“Do you mean to tell me, Katie Scarlett O’Hara, that Tara, that land, doesn’t mean anything to you? Why, land is the only thing in the world worth workin’ for, worth fightin’ for, worth dyin’ for, because it is the only thing that lasts.” —Gerald O’Hara, Gone with the Wind
Every year when I was a kid, usually around Christmas time, my family would watch the 1939 historical/romance epic Gone with the Wind. Over the years, after seeing the movie dozens of times, I was not so much captivated by the romances in Scarlett’s life as I was by her eventual love and renewed fidelity to the land of her birth. In fact, Scarlett’s struggle between finding fulfillment in romance and in her love of home is a theme seen throughout the film, as well as in Margaret Mitchell’s novel. At the beginning of the film, Scarlett’s father, Gerald, preaches to her that the love of the land is an Irish virtue, and because she is half-Irish, she too will learn to love the land of her birth. “…why the land they live on is like their mother! Oh but there, there! You’re just a child! It’ll come to you! This love of the land! There’s no getting’ away from it if you’re Irish!” Gerald exclaims in a moving sunset scene at the beginning of the film.
Eventually, Gerald’s prophecy is fulfilled for Scarlett as she experiences the oppressive years of Southern “Reconstruction,” where the O’Haras must till the land themselves to eke out a living. Scarlett goes to any means necessary, even marrying a wealthy man she has no love for, in order to keep carpetbaggers and scallywags from taking her ancestral home of Tara. While love of the land may indeed be an Irish virtue, it is also an indisputably Southern one (as anyone who is familiar with a variety of country-and-western songs can attest). Indeed, it could be said that a love of one’s land, hearth, and home might be the distinguishing Southern virtue.
Enter Spengler. Oswald Spengler (b. 1880–d. 1936) was a German historian and philosopher who is best known for his magnum opus, Decline of the West(Der Untergang des Abendlandes), which was first published in 1918. Decline is Spengler’s bold attempt to summarize of the entirety of human history, and also to show how the future of European civilization has been predetermined. Decline is also revolutionary because Spengler rejected the Eurocentric view of history popular at his time. Instead of looking at human history as a kind of stepping ladder leading to an advanced modernity of fueled rockets, skyscrapers, and nuclear weapons, Spengler saw individual civilizations as superorganisms that were creatures unto themselves, each with its own finite and predicable lifespan.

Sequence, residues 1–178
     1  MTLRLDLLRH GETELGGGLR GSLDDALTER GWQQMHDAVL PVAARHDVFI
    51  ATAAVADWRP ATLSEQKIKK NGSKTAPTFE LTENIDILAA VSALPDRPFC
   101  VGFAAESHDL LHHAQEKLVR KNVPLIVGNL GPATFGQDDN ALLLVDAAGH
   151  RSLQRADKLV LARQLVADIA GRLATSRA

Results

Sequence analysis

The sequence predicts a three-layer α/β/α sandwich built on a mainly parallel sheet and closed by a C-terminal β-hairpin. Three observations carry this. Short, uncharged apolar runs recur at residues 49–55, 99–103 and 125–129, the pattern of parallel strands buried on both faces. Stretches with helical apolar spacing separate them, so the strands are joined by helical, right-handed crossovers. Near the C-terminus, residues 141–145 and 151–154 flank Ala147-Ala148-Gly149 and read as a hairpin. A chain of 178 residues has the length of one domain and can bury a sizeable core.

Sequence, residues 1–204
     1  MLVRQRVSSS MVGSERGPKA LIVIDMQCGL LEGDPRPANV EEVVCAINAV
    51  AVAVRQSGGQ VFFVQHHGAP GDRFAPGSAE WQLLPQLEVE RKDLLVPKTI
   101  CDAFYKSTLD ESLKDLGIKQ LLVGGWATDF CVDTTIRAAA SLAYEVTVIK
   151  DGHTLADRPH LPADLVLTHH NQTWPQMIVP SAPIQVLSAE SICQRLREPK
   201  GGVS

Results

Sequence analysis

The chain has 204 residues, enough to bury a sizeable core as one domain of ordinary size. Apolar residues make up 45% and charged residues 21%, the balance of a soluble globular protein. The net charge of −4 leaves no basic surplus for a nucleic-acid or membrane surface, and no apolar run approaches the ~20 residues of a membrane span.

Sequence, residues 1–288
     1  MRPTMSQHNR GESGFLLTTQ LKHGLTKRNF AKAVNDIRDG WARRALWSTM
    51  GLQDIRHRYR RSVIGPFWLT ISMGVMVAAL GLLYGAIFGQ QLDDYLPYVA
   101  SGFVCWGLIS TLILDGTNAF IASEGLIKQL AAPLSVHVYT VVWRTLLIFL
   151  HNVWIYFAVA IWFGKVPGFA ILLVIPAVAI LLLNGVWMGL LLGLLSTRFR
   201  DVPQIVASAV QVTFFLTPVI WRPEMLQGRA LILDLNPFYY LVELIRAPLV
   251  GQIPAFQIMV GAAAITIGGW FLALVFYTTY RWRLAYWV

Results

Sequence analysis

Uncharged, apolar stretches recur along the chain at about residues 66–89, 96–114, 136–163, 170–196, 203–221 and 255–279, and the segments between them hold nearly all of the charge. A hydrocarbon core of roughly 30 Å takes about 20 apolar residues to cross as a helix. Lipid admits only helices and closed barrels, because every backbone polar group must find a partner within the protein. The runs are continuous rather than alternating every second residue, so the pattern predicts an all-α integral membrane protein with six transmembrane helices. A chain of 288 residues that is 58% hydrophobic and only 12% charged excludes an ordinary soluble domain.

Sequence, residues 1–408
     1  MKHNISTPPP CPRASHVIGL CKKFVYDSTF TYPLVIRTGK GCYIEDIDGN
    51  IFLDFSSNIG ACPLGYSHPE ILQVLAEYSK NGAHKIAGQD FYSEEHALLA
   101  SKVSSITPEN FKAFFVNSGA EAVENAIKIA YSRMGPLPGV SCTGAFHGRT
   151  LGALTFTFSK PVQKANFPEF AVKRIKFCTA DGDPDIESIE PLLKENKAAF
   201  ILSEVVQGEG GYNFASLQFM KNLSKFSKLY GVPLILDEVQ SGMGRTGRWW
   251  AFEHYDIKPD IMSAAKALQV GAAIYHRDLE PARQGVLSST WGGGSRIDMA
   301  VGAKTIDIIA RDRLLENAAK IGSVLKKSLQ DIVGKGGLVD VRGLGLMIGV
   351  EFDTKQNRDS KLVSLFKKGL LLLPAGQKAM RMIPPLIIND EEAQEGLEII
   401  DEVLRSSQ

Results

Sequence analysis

Spengler viewed a civilization’s organic lifespan in terms of seasons; each has a spring, summer, autumn, and finally a winter. Springtime is the birth of a culture, where that civilization’s basic principles begin to form. Summer is the height, where all these principles are working and the culture begins to create its great achievements. Then, in the autumn period, the culture’s principles begin to break down. Megacities are born; economics and social justice drives politics; people question established traditions; atheism spreads; and art loses its metaphysical drive and becomes almost a mystery religion, where the viewer must understand the artist’s secret code in order to appropriately interpret the piece. Eventually, despots take power, and winter is ushered in. In the wintertime, the civilization finally begins to ossify, as various despots vie for power, cities depopulate (think of Detroit), art becomes nothing more than repetitive copies (turn on the radio and it seems like everything now sounds like Drake’s “Hotline Bling”) and the masses gradually return to traditional values. Spengler viewed this process as cyclical—that is, new cultures may arise out of the ashes of the previous civilization.
Drawing inspiration from Goethe’s metamorphosis of plants (Versuch die Metamorphose der Pflanzen zu erklären), Oswald Spengler also noted that each culture (he named eight in Decline of the West) has a “prime,” or “Ur,” symbol. One might think of this Ur-symbol as the “soul” of a culture. This symbol is the measure or drive according to which all art, religion, and politics form for that specific culture. For example, according to Decline, the Magian civilizations (Persian-Zoroastrian, Islamic civilization, Eastern Christianity, etc.) have as their symbol the cave, where magical, polarized forces fight for control of the universe. And as for the Classical civilizations of Greece and Rome, Spengler determines their symbol to be the human body—an image that is almost obsessively portrayed in these cultures’ art.